By Kelly Dearmore
By Jim Schutze
By Rachel Watts
By Lauren Drewes Daniels
By Anna Merlan
By Lee Escobedo
By Alice Laussade
This isn't to be confused with Slobberbone's same-titled, Sam McCall-produced debut of last year, but that won't be a problem because the "new" version bears only a slight resemblance to the "old" one. They're both still called Crow Pot Pie, seven of the original's 11 songs exist in some form or another on the second, and if the first record didn't still give off such a resounding echo, then the second version would forward their cause just fine. But you can't forge your own signature, and sometimes you've got to know when to say "when."
Where the first Crow Pot Pie is a low-budget masterpiece that sounded like a fortune--it was a complete piece from fireball start to cold-water end, telling its story of small-town desperation with a rare, weary power--its counterpart (Slobberbone's debut on this Austin label, ironically enough) wears its larger price tag like Minnie Pearl. The first record was an organic creation, a rock-and-roll band playing country with such reckless abandon you didn't know whether to two-step or jump in the pit. The second record just sounds produced, proof you can't fix what's broke on purpose.
That's not to deny the obvious: Brent Best in any form is still a damned fine songwriter and singer, a young poet in a wounded storyteller's body, and when he wraps his voice around a lyric like, "This Indian summer has made me sick/Don't use the phone/I don't write no letters/All I can do is lay here and sweat," you can feel the shirt sticking to your own back. He's Jay Farrar and Jeff Tweedy in the body of one man, his rasping voice perfect for country's pop side, but his songwriting sensibilities leaning toward a darker place. Like Farrar, he can take you to a spot you've tried not to visit; like Tweedy, he can make the trip seem necessary.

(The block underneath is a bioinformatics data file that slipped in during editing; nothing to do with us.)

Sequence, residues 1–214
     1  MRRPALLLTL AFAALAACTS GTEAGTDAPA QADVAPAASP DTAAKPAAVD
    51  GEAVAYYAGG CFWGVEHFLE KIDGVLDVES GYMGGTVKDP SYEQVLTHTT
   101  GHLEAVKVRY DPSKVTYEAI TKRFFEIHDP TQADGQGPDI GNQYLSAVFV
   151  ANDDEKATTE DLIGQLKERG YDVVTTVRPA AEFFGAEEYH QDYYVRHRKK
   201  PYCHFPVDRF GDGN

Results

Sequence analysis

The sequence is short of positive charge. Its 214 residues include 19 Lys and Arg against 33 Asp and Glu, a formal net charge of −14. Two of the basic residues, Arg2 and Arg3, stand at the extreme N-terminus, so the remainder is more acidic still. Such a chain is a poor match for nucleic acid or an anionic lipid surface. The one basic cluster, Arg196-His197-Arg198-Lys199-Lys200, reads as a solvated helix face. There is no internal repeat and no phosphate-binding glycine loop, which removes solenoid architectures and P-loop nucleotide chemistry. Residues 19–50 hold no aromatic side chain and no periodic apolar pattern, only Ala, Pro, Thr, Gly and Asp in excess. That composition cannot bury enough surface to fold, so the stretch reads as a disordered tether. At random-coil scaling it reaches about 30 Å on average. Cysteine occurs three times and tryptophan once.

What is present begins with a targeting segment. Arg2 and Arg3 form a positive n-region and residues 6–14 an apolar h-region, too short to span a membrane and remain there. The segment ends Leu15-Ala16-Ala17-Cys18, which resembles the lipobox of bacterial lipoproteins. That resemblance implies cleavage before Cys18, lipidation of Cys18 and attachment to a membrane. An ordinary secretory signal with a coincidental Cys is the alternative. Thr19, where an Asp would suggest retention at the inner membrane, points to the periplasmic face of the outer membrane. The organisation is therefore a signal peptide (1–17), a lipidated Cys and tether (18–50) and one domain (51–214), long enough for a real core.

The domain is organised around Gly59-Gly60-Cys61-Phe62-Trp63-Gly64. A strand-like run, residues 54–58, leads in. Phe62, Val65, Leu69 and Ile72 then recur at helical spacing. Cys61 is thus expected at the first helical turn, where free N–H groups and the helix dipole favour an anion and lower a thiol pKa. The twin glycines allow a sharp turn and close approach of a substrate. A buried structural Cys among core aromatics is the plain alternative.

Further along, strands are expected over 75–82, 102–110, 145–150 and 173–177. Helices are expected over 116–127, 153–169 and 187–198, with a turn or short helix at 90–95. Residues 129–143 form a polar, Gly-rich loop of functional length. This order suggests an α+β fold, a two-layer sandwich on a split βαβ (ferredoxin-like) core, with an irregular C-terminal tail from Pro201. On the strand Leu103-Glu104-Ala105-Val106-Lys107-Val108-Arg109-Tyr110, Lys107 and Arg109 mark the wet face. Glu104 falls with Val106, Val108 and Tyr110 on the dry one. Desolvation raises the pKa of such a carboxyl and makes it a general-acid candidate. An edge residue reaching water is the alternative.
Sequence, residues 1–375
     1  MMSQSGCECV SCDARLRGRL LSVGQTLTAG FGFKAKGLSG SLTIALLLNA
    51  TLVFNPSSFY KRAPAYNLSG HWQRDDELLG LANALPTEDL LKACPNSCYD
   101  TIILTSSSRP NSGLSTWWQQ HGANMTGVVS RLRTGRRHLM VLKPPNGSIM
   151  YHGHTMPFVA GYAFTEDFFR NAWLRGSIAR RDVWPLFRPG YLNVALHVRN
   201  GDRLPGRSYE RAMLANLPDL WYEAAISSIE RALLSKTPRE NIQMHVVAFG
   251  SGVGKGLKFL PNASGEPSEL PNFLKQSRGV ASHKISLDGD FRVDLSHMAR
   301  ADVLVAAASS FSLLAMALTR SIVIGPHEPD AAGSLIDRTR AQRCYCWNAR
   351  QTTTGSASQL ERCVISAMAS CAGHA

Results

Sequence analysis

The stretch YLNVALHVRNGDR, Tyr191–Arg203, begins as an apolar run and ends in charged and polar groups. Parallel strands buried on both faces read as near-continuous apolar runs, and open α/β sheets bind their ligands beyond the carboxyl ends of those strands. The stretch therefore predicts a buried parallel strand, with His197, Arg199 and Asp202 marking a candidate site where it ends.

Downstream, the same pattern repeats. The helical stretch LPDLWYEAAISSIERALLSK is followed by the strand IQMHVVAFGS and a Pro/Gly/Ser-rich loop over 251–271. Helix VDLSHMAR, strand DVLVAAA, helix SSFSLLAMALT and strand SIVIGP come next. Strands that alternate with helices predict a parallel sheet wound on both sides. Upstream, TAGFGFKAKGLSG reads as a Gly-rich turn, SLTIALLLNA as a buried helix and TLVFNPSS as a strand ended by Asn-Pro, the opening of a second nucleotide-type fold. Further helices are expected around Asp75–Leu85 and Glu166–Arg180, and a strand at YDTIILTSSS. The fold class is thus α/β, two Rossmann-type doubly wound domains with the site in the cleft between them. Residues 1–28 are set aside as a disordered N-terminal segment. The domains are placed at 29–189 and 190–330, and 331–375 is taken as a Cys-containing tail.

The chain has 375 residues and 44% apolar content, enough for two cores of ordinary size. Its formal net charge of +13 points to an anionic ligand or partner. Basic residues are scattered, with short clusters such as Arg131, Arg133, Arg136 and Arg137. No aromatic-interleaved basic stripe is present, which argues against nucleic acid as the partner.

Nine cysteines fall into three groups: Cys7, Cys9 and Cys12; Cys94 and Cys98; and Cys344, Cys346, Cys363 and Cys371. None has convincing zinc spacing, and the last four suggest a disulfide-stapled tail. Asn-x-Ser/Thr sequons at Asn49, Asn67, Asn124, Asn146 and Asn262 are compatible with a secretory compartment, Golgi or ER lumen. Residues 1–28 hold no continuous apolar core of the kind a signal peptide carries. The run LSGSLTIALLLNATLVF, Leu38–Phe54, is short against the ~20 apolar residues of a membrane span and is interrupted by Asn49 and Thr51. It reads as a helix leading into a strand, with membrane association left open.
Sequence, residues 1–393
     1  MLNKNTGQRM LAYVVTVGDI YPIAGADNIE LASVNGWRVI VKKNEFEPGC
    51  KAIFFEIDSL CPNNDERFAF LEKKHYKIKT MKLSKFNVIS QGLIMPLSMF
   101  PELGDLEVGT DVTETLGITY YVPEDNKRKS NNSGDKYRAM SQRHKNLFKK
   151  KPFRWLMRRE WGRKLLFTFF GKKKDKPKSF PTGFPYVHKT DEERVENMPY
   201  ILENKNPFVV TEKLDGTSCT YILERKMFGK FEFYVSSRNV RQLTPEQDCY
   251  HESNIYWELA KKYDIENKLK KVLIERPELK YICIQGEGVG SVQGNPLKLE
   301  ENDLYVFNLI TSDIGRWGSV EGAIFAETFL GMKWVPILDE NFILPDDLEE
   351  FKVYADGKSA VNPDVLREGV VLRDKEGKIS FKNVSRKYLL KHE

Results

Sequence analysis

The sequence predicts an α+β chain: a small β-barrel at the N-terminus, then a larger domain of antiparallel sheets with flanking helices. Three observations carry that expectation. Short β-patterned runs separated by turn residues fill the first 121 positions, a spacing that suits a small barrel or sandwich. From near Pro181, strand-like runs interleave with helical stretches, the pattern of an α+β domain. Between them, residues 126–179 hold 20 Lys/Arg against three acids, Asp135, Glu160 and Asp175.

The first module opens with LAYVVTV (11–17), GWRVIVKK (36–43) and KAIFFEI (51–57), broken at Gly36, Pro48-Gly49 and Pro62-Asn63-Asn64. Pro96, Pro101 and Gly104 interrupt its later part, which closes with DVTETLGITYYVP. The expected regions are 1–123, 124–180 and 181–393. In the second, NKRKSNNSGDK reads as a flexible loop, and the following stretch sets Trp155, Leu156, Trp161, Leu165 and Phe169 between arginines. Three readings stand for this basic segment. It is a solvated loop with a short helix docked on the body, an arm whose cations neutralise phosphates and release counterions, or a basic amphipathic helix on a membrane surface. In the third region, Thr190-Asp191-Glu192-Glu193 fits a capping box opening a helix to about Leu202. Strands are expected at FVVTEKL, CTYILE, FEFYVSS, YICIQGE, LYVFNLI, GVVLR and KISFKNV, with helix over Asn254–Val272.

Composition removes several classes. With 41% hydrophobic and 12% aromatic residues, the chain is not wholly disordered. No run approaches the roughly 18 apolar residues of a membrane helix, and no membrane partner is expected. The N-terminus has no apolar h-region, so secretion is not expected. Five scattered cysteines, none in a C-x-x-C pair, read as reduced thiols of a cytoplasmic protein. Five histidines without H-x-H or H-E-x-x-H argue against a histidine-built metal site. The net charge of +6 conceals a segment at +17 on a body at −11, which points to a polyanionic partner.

The band still gives off plenty of fire, and the addition of fiddle further fleshes out the country and rock distinctions even on those occasions when one gets in the way of the other (the fiddle sounds merely laid over "Whiskey Glass Eye," a rock song no matter how you cut it). The new record even possesses its own nice additions--the mini-epic "I Can Tell Your Love is Waning" (originally off the Denton collection Welcome to Hell's Lobby) and the distorted Southern rocker "Tilt-A-Whirl."
But I still can't get fully get behind a Crow Pot Pie that leaves off "Boy Howdy" (the kick-in-the-gut instrumental that led off the first version) and deletes the wrenching "I'll Be Damned." It recalls the time CBS Records released the Clash's debut in the U.S. minus four essential U.K. tracks: In the end, the deletions were the difference between a remarkable record and an unforgettable one, and sometimes you've got to trust your gut.